Totem Poles are a monumental effort

June 06, 1997


Staff Writer

Fifteen Hagerstown fourth-graders got some insight into the artistic process and have the monuments to prove it.

Three totem poles were erected Thursday morning on Fountain Rock Elementary School grounds as symbols of the students' achievements in a four-week stone-carving workshop.

Maryland's Artist in Residency program put professional stone sculptor Michael Winger, of Boonsboro, in a classroom to give selected students hands-on experience in the fundamentals of stone carving.

He assigned each student a block of limestone or soapstone, which they molded into Native American heads, symbols or words. The students' finished products were cemented atop one another to form three totem poles 4 feet tall and containing five sculptures each.


For Kevin Sandell, transforming a stone block into the solemn face of a Native American was "the experience of a lifetime," the 10-year-old said.

The students were experimenting with the art of stone sculpting for the first time, learning the use of the hammer and five different chisels.

Cory Mulligan, 9, spoke like an experienced craftsman. "If you smash your fingers, it might hurt for a little bit. But after a while, you get used to it," he said. "When you're older, you won't smash your hands and you will have experience."

As if escaping from schoolwork was not reason enough for Justin Hays, 9, to take the class, he said working with the tools was a bonus.

"I'm not allowed to use a real hammer at my house. But nobody told me that I was too little here," he said. "I felt big."

Winger said it initially concerned him to lead these fourth graders, the youngest group he's taught since he began the state program five years ago. But he was pleasantly surprised, he said.

"I expected them to complain a little more," Winger said. "But once they started seeing an image emerge from stone, they were very excited about it."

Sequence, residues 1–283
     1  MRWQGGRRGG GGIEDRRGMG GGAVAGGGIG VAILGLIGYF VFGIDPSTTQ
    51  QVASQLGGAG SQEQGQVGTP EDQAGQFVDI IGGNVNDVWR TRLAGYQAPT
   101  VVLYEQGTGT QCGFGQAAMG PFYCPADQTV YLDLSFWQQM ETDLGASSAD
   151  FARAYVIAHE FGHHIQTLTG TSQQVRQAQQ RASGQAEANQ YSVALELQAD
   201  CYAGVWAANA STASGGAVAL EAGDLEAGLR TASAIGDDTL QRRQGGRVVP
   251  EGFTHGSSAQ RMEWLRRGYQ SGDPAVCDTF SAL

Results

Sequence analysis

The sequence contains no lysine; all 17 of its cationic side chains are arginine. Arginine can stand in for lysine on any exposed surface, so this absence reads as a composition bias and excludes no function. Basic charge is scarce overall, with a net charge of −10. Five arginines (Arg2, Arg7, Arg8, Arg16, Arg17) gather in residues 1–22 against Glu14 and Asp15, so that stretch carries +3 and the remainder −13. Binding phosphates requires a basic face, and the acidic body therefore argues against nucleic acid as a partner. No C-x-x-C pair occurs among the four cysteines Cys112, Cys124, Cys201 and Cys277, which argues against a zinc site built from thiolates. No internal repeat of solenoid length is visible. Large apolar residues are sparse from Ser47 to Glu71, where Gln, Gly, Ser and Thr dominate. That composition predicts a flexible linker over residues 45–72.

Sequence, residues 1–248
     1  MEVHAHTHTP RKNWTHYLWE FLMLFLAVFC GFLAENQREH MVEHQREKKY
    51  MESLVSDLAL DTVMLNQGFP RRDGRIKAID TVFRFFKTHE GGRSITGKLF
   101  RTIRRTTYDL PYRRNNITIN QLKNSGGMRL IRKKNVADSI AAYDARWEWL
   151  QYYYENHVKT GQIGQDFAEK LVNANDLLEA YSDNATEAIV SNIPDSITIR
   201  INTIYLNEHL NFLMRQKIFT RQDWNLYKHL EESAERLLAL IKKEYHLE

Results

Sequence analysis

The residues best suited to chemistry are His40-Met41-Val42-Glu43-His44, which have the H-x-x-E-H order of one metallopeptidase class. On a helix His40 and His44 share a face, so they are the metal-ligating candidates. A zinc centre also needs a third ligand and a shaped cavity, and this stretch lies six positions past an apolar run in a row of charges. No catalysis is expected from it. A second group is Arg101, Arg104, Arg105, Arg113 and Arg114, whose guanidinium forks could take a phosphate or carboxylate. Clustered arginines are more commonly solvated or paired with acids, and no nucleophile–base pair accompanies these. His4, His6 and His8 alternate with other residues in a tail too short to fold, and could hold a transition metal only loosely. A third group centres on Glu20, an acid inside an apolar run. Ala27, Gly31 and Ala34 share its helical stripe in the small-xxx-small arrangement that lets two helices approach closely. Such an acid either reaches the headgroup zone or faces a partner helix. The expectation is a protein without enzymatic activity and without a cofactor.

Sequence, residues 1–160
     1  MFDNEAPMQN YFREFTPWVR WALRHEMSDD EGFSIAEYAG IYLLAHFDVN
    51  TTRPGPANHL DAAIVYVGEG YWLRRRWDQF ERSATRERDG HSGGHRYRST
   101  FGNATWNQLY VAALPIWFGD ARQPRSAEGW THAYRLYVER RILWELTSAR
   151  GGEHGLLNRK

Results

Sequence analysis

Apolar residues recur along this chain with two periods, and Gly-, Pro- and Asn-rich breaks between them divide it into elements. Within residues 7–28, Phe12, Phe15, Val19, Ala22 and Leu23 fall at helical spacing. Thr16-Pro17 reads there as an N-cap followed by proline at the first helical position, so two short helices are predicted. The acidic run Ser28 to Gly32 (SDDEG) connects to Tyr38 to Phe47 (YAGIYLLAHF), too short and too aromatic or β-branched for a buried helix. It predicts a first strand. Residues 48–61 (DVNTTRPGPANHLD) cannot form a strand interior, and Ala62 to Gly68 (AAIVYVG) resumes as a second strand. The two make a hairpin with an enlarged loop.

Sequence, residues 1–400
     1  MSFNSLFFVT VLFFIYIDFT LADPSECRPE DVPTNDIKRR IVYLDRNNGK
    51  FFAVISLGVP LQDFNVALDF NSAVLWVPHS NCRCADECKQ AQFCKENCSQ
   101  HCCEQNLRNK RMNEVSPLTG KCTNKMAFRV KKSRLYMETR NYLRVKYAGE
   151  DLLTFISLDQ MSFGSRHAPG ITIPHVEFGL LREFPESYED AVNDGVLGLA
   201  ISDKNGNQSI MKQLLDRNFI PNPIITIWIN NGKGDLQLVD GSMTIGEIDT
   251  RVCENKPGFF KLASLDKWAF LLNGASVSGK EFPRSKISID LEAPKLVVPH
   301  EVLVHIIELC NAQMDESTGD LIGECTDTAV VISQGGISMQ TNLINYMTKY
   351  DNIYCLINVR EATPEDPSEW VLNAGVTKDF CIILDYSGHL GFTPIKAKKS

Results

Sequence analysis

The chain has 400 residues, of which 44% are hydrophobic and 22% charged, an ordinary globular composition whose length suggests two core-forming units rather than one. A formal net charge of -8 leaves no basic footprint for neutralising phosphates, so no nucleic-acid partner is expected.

Fountain Rock Elementary School Principal Steven Bowers said the dedication and hard work the students invested in their projects impressed him.

Meanwhile, the students said they picked up other traits - patience and perseverance.

"You have to take your time and have to be very patient, because it takes a long time to have everything done," advised Darren Walling, 9.

Winger, whose professional work has been displayed in regional and national galleries, said he enjoyed the opportunity to impart the importance of art to his young students.

"I learn as much from the student as they learn from me," said Winger, who said he admires his students' vivid imaginations. "I'm still trying to see through the eyes of a child."

The Artist in Residency program is funded in part by Maryland State Arts Council grants and helps group professional artists with students for hands-on instructional training in the arts. Winger, who has taught students as old as high school seniors, said Fountain Rock was his first assignment in Washington County.

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